Recently, the Orioles have been employing the tandem of Henry Urrutia and Danny Valencia (now, Steve Pearce).  Mark Reynolds, over his career, tends to show a slight platoon with him hitting better off of southpaws.  This means that his addition would be to replace the mish mash of Valencia and Pearce.  However, he probably would be not incredibly worse than the Human Opposite Field Single hitter Henry Urrutia.  None of the current batch is a solid fielder, but having Reynolds in place of those two would enable the team to have a more capable defensive player on the roster.
After a monster April, Reynolds has been utterly horrific and that is being kind.  The Indians, fighting for a space in the playoffs, finally decided to let him go.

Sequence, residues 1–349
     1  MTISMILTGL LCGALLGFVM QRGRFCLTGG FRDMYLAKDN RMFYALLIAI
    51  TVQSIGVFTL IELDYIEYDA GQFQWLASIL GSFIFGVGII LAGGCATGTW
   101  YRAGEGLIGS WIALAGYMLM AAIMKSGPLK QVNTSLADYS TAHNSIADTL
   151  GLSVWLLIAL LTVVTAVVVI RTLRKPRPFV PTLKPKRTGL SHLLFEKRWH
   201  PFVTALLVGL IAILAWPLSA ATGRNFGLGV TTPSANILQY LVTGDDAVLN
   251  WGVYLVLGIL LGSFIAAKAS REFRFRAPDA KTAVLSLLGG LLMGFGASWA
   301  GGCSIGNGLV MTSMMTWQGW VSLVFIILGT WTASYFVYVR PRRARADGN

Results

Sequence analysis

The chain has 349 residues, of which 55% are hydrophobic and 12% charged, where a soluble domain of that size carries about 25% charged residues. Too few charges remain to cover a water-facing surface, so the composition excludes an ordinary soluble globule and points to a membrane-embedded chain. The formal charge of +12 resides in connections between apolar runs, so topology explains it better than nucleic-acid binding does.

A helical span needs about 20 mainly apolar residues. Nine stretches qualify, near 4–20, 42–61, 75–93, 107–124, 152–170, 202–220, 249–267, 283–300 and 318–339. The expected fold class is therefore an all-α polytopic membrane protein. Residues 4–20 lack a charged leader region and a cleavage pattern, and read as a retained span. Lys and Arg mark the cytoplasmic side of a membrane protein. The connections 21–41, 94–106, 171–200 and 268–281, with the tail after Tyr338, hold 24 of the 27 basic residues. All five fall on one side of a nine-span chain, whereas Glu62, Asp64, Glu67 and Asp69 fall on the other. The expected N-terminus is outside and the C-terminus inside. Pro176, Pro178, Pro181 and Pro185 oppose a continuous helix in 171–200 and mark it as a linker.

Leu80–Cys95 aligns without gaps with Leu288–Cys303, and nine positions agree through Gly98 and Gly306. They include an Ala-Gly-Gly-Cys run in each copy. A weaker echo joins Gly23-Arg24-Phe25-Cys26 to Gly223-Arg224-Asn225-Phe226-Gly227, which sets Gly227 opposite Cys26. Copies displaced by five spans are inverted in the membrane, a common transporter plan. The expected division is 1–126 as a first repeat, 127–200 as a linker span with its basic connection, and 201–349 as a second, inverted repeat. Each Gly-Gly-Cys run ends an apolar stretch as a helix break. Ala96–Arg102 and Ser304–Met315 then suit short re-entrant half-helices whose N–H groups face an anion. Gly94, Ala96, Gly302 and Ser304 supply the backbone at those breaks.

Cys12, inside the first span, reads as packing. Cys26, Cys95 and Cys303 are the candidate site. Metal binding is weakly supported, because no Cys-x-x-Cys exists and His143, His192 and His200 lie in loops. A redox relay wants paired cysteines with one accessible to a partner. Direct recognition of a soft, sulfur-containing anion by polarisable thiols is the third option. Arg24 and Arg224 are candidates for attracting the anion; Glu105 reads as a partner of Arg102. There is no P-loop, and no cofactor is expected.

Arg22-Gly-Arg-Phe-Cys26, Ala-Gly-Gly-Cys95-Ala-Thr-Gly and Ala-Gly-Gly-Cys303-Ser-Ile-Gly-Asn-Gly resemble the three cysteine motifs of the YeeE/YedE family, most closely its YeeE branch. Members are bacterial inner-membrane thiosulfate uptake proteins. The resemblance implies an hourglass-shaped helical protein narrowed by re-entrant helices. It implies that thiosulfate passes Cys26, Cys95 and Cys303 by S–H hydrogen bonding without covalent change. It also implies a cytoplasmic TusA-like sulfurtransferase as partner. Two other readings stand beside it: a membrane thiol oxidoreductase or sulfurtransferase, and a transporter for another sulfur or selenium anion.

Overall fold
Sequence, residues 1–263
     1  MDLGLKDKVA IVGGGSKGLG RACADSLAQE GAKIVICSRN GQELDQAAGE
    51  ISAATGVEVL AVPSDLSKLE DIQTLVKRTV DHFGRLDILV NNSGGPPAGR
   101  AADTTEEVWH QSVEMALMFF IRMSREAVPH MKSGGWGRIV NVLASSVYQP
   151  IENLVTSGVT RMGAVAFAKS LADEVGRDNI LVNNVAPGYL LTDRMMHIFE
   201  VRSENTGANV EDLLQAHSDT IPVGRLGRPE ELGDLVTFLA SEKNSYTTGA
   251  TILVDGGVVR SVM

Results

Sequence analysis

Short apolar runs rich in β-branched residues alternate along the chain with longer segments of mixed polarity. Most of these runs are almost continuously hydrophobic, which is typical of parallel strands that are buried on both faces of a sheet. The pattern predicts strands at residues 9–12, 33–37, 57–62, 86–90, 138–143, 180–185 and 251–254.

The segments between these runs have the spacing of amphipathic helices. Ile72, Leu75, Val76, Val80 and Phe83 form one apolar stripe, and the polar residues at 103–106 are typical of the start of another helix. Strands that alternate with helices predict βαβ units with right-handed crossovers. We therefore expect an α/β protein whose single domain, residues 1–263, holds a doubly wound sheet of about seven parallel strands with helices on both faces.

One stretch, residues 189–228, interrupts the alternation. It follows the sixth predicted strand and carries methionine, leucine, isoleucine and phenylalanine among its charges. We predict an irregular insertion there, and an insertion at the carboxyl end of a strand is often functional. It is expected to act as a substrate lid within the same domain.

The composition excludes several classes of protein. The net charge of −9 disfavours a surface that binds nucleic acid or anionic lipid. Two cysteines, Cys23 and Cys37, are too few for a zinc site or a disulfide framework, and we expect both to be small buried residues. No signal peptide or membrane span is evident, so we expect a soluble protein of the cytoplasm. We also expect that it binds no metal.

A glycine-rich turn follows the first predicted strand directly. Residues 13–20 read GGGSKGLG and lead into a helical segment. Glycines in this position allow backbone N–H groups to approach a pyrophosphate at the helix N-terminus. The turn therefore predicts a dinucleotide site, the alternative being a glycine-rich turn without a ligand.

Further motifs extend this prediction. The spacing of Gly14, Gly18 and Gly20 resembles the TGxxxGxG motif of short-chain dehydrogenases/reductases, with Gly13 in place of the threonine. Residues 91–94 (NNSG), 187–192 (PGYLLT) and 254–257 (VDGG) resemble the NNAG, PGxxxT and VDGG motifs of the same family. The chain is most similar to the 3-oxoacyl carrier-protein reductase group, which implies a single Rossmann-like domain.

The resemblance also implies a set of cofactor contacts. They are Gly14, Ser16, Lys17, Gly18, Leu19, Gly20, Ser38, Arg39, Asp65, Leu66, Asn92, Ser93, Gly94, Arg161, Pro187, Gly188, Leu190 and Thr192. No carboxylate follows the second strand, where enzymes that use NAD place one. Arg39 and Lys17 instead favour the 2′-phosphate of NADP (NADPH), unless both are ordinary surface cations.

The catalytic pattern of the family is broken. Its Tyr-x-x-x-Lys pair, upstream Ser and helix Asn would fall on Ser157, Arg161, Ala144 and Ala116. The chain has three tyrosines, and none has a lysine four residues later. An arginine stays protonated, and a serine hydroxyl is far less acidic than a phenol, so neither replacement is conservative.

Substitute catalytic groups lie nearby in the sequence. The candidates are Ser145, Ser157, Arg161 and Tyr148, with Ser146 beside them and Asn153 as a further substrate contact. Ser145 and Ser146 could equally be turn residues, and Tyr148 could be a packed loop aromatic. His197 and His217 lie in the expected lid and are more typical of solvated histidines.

Now, it has been argued that Mark Reynolds is horrible.  Sure, he is.  He also has something like a one in twenty chance of being mind blowingly good.  The team is currently 1.5 games behind Texas or Oakland in the chase for the second Wild Card.  They also have Cleveland right behind them.  I think we can all agree that the Indians are playing over their head and that the race is essentially something like the A's, Rangers, and Orioles.  Of those three teams, two will make it.  How comfortable are you with the current offensive output from the DH slot?  Should the team be satisfied with the low grade chill that Uruttia and Pearce will provide?  Pearce can probably deliver a slightly below league average DH for the team, but it seems fairly obvious that Uruttia's bat needs a bit more seasoning at least.  With that in mind, maybe it makes sense to give Reynolds a chance to correct himself and go on a tear no matter how unlikely.  I mean, it is difficult to get much worse and, if Reynolds does nothing for a couple weeks, the September roster opens and you can bury him.